By Luaine Lee
Tribune News Service
WWR Article (tl;dr) Academy Award nominated actress Samantha Morton’s story of survival is empowering women around the world. Trapped in a dysfunctional family, she grew up in 12 foster homes as well as some orphanages (which she calls “child care”) leaving school at 13. Today she is the story of success as a top actress in the film industry with a beautiful family at home.
British actress Samantha Morton admits she’s plucky. “I was the type of child that if at school someone was being bullied, I’d go and get the bully,” she says over the din in a restaurant here.
“I was very forthright. I think the word is ‘fearless’ … I’ve always had no fear in regards to living; because there’s so much to be afraid of that you just have to let it all go,” she says.
Morton has a right to be fearless. Trapped in a dysfunctional family, she grew up in 12 foster homes as well as some orphanages (which she calls “child care”) leaving school at 13.
She didn’t quit school, she insists. “I just couldn’t GET to school. I was in social care, children’s homes and things like that. My school was two buses away and I’d try, and in the end, I just got fed up with missing the bus or not being able to get to school on time. I didn’t have the right clothes. I didn’t finish school,” he shakes her head.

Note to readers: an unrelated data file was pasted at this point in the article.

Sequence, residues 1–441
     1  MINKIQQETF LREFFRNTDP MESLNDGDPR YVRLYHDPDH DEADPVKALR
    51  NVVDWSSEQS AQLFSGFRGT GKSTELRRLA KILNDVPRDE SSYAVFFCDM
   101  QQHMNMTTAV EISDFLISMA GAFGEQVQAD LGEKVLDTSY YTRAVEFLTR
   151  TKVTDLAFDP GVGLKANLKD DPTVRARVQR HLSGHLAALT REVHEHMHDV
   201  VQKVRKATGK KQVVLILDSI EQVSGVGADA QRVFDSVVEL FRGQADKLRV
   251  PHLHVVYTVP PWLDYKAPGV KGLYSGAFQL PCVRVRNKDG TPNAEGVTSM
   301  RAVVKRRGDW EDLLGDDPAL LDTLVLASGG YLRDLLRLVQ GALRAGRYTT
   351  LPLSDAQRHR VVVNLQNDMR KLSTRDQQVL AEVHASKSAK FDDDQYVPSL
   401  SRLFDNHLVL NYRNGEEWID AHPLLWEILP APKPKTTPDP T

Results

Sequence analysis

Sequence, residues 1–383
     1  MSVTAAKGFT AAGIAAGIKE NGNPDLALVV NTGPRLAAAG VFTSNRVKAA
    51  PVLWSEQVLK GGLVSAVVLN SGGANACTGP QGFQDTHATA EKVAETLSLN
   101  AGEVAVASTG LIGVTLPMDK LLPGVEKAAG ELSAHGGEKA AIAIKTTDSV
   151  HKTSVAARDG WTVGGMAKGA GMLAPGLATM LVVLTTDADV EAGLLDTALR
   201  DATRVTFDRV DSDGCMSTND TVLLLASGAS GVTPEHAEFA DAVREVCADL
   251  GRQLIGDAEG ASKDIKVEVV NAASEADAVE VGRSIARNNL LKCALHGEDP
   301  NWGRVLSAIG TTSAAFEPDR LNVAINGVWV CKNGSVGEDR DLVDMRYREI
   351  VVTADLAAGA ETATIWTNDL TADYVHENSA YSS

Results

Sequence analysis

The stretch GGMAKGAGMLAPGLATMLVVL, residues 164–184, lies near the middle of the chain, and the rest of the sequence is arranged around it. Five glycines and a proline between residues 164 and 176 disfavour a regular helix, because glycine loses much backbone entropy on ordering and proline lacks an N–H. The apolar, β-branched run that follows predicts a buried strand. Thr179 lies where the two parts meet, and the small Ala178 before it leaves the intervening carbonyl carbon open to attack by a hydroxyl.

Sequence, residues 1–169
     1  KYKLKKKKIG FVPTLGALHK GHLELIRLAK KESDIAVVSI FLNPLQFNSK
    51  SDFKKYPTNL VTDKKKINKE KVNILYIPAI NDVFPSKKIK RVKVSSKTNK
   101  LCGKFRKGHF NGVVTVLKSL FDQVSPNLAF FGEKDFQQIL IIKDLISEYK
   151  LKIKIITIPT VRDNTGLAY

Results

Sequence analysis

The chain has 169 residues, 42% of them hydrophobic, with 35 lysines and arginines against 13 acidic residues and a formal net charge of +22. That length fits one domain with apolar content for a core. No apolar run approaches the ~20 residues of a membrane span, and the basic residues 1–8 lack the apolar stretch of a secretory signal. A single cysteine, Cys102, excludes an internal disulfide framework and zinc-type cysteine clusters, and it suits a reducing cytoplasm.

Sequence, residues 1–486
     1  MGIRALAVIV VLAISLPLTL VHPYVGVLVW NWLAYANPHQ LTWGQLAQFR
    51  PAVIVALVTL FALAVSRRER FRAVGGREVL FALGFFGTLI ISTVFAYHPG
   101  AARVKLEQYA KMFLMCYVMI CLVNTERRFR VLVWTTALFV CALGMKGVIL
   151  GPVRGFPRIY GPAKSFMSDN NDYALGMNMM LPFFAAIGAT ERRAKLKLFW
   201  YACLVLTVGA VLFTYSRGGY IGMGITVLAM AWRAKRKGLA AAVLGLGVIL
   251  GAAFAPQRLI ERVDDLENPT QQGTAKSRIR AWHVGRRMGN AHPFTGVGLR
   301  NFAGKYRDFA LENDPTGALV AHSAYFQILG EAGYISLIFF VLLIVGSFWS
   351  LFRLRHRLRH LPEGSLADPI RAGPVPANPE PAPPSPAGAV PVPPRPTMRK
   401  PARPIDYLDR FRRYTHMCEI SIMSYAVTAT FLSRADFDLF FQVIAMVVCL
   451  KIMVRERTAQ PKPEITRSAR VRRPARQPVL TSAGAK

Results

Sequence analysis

“I suppose I was fearless as a little girl. Now I’m less so because when you start having children the fear comes in about the things you can’t control or handle,” she says, sipping a porcelain cup of tea.
Most people remember the round-faced actress as the winsome mute in Woody Allen’s “Sweet and Lowdown,” for which she earned an Academy Award nomination. She snagged another as the struggling Irish mother in “In America.” She’s played a variety of characters: from the timid Jane Eyre to the regal Mary Queen of Scots. And in her latest role, she’s a veteran private eye trailing a gang of cunning jewel thieves through Europe.